My being on the run from the police in America has its genesis in the web-logosphere. Sitting in my study each morning in my country retreat in dear old England which I fear I’ll never again see, I would read the latest postings on my favourite web-logs. In this way I became so addicted to the web-logosphere that I began my own web-log, which led little by little to my present terrible circumstances.
It may seem strange that a very old man such as I, should immerse himself reading and writing web-logs, given they are part and parcel of so contemporary a medium as the internet. Thus I belong to the avant garde, my fingers on the Zeitgeist. Doubtless you’re thinking that, far from belonging to the avant garde with my fingers on the Zeitgeist, I should be slumped in a wheelchair in an old people’s home, wrapped in a shawl and blanket, the spittle from my toothless old mouth running down my chin, too helpless to do anything, let alone reading and writing web-logs on the internet – a medium unimaginable in the Victorian and Edwardian England in which I came of age.
I was, fortunately, blessed with excellent genes, for both my mater and pater lived to very old ages, albeit the ages they lived to weren’t quite what mine is today. And I don’t remember either ever being ill until just before each departed to meet their Maker. I, of course, did have my differences with my mater and pater. In short, we didn’t always get along. However, if nothing else, I’ll always be grateful to them for the excellent genes they bequeathed me, for I, too, have never been ill enough to take to my bed, and, absent my mater and pater’s genes, I would surely be long dead.
I should qualify my saying that I’ve “……never been ill enough to take to my bed…….”, for I did once take to my bed, and for many months, since my bed was, of all places, in a military hospital. This was during World War One, when, as a subaltern fighting against the Boche in the trenches in France, I sustained serious wounds. I’m sure that, but for the genes of my mater and pater, I would have died of my wounds.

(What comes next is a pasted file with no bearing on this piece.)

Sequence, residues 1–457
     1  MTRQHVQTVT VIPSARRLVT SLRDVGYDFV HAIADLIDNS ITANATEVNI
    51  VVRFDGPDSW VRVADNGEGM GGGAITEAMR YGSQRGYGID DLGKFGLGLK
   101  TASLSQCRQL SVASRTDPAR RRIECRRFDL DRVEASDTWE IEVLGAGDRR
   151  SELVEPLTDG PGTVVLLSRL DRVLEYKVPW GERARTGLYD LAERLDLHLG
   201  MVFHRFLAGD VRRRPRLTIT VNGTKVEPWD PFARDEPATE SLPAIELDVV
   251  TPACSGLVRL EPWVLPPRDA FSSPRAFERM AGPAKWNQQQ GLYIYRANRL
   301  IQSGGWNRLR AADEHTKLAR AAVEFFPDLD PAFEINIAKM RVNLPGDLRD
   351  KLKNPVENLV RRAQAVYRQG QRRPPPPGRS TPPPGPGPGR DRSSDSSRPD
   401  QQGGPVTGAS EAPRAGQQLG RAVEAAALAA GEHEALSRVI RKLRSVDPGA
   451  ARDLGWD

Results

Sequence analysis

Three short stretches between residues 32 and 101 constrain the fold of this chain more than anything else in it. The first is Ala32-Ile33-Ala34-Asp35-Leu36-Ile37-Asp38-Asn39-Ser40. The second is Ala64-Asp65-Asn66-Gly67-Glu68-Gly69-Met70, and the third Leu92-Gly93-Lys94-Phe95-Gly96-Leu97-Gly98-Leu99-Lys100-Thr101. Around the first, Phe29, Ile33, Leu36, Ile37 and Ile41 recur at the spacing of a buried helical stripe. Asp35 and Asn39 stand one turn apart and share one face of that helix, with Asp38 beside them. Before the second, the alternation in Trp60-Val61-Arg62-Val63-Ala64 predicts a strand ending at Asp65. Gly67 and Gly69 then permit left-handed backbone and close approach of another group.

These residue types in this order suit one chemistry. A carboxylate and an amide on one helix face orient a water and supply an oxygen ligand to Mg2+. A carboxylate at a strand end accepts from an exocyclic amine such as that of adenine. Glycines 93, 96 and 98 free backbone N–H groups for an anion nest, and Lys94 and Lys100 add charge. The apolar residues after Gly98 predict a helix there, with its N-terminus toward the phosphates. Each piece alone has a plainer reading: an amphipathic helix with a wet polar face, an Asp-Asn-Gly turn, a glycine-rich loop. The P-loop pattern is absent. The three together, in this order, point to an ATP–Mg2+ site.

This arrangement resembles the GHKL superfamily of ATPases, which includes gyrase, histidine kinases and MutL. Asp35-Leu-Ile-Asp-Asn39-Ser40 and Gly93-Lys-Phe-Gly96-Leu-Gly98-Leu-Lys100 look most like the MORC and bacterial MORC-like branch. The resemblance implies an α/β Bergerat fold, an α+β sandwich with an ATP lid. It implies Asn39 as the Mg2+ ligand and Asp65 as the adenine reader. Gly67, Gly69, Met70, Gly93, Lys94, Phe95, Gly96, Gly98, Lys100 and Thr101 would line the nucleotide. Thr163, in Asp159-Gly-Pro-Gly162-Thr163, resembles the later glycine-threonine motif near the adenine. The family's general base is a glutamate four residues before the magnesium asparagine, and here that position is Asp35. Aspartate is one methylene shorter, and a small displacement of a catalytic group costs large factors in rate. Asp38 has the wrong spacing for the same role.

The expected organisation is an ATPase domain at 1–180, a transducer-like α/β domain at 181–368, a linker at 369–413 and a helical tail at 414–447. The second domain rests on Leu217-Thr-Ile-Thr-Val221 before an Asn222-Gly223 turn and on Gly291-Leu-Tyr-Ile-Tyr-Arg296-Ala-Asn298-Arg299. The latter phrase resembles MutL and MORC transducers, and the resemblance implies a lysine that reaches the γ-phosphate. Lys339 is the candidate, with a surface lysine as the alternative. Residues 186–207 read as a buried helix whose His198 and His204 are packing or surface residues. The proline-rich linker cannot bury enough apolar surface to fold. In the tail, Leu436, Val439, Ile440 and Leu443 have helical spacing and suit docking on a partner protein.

While good genes are important, they are never quite enough. Thus throughout my long life I’ve always exercised vigorously, and, until relatively recently, I did this daily. Now, in a concession to age, I’ve cut exercising to once each two days. As I’ve explained in previous postings, I exercise as do boxers, for I’ve had a lifelong love of the Sweet Science. In my workouts I punch both the speed and heavy bags, skip rope, and spar. I also jog two miles each second day, since developing stamina, which jogging does, is de rigueur for the self-respecting boxer.
As I’ve also said in a previous posting, I was sufficiently skilled in the Sweet Science to have won the middleweight championship of the British Army in 1946 when 51. Why so long? for 51 is old to win a title. Well, the reason was World War Two, which began when I was 44, when boxing tournaments were put in cold storage, given the British Army having more urgent things with which to occupy itself, than hold boxing tournaments.
Ideally 1919, following the Armistice, when I was 23, was the time to quest the title, for at 23 a boxer is in his prime. However, just as World War Two foiled my championship plans, so had World War One, since, from age 19 to 23, I was either fighting the Boche in the trenches of France, or was in the hospital recovering from wounds. Only in 1922, when I was 27, did I recover sufficiently to resume gym workouts. Add to this, that between 1922 and 1939 I languished mostly in military garrisons in far flung places throughout the British Empire – places so far flung that they didn’t have gyms to train in. Then came World War 2. Thus the championship eluded me until I was in my boxing dotage.
Despite my age, I’m considering officially returning to the ring. Doubtless my reflexes won’t quite be what they were, and I might have to fight as a lightweight or welterweight rather than as a middleweight, for I’m lighter now than in 1946, when last I fought. Hopefully I’ve retained my middleweight punching power, which would overwhelm my lightweight or welterweight opponents, thus compensating for my slower reflexes.
My returning to the ring depends, of course, on my escaping America and back to dear old England. Easier said than done, given that the police in America are looking for me – in all 50 states.